Mainesi Matanda and Cephas Gwayagwaya from Arda Transau said issues which affected the communities should be discussed at a higher level so that they are refined and made binding.

Matanda said it was wrong for legislation to be developed and adopted without the input of communities and hence such an initiative was a step in the right direction.

“I have seen how people in Mutoko work together with mining companies. There is a semblance of understanding. The companies are somehow responsive unlike what ours in Chiadzwa does. Here they refurbish schools, roads and others things. In short the voice of communities is listened to,” she said.
“Establishing some communication is the first important thing then you take it from there.

“I wish if what we discuss here is taken into account when legislation is being developed so that we don’t have similar problems like we have on the community share ownership schemes whereby some companies are denying knowledge of their pledges,” she said.

Evelyn Kutyauripo added that there was need to have localised solutions for different communities because the one size fit all approach from government may not work.

Gladys Mavusa from CCDT said there were similar problems in Chiadzwa and Mutoko. She said there was widespread pollution, soil erosion and issues to do with gender on employment.

She also said there were problems of child abuse whereby mine workers pounced on unsuspecting young girls.
Mavusa said there was need to craft laws that protect young girls from mine workers because normally the juveniles would be enticed into indulging in early sex because of money.

“Naturally the communities do not benefit a lot and because of poverty young girls are enticed to do such things. We need protection on that. We cannot allow the future of our young girls to be tampered with all in the name of money,” she said adding that serious measures should be taken especially in Chiadzwa to address that.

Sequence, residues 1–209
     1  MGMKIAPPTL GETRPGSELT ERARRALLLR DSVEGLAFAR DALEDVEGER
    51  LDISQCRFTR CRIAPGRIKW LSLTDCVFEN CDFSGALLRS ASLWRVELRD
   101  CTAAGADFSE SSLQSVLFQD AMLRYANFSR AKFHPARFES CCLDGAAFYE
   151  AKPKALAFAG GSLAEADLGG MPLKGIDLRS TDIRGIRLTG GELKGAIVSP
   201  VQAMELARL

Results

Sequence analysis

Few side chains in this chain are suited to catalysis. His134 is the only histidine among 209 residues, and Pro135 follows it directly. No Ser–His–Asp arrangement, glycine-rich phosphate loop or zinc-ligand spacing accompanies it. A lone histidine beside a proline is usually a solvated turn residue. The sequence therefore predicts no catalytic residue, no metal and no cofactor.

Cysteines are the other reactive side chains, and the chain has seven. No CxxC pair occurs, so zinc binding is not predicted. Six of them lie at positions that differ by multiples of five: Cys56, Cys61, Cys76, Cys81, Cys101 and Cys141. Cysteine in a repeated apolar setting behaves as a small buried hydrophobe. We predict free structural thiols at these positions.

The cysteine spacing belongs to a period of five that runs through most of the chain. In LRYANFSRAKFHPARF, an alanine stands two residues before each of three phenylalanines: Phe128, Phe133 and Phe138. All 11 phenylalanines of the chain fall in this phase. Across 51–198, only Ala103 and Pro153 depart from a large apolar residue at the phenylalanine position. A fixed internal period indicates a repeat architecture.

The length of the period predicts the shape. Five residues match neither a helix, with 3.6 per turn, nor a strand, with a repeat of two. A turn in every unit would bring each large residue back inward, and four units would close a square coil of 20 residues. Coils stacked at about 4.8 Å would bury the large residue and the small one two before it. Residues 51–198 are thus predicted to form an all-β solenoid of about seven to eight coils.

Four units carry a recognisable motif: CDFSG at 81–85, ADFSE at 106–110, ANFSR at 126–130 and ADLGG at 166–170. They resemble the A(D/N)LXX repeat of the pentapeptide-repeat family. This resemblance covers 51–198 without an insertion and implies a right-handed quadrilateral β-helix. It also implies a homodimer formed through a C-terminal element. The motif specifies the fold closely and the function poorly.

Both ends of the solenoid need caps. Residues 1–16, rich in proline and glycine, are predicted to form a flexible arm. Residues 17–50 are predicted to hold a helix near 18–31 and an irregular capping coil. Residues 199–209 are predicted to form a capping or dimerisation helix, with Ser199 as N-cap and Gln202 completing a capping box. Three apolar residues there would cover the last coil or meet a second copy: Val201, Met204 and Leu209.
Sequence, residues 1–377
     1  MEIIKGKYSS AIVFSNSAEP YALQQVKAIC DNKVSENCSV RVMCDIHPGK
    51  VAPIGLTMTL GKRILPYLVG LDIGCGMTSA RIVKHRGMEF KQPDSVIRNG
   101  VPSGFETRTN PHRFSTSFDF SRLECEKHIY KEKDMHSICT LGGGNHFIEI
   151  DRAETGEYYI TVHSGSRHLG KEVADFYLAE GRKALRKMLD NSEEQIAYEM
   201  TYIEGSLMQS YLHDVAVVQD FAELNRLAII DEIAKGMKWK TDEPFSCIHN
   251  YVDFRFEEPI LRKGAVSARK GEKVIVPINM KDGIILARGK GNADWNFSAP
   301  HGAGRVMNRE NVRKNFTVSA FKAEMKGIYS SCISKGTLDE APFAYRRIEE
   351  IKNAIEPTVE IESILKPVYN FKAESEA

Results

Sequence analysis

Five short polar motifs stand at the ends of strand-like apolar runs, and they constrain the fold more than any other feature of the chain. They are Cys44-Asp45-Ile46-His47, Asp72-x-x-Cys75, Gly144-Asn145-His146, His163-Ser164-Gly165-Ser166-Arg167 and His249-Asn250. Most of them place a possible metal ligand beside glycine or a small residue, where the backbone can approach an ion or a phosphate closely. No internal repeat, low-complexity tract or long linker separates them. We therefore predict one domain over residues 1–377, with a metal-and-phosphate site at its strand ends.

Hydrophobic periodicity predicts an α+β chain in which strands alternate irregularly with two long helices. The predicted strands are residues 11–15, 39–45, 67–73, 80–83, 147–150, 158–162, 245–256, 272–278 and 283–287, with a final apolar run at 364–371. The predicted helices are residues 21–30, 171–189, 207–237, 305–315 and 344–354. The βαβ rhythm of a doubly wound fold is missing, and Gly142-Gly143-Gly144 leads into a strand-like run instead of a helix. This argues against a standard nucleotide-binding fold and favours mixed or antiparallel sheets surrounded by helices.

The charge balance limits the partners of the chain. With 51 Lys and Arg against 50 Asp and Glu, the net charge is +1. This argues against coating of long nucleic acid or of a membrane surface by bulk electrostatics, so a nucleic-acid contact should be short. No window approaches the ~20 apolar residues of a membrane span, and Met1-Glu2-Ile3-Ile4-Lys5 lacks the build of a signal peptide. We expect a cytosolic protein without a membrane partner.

Gilbert Makore from the Publish What You Pay campaign, which promotes transparency in the extractive sector said solidarity exchange visits are an important element that should be upheld in the country.

“The issue of solidarity is important because the communities are usually isolated therefore there is need for them to understand there are other communities facing similar challenges and experiences as a result of mining,” he said.

“We hope we have ignited the motivation within communities to continue working and advocating for their rights. There is another important aspect of networking and continuous sharing of strategies,” said Makore.

Besides sharing problems, the communities also worked on how to sustain themselves.

In Mutoko the villagers engage in serious horticulture which has sustained them for years now, something that is lacking in Chiadzwa.

Dende said market gardening was something which should be encouraged and mining companies should provide assistance to the villagers.
In Mutoko some companies complained that their plans to plough back to various communities are being affected by the poor uptake of black granite products in the country as well shrinking international markets.

In Zimbabwe there are black, grey, blue, brown and marble types of granite stones which are usually used for construction and decorative as well as monumental purposes.

The bulk of unpolished granite stones are exported into Europe.

Zimbabweans have also been accused of shunning locally made granite byproducts in favour of European imports
Mukasiri said there should be legislation to encourage consumption of products from black granite to avoid transfer pricing and increase collated economic benefits that come with beneficiation such as taxes, jobs.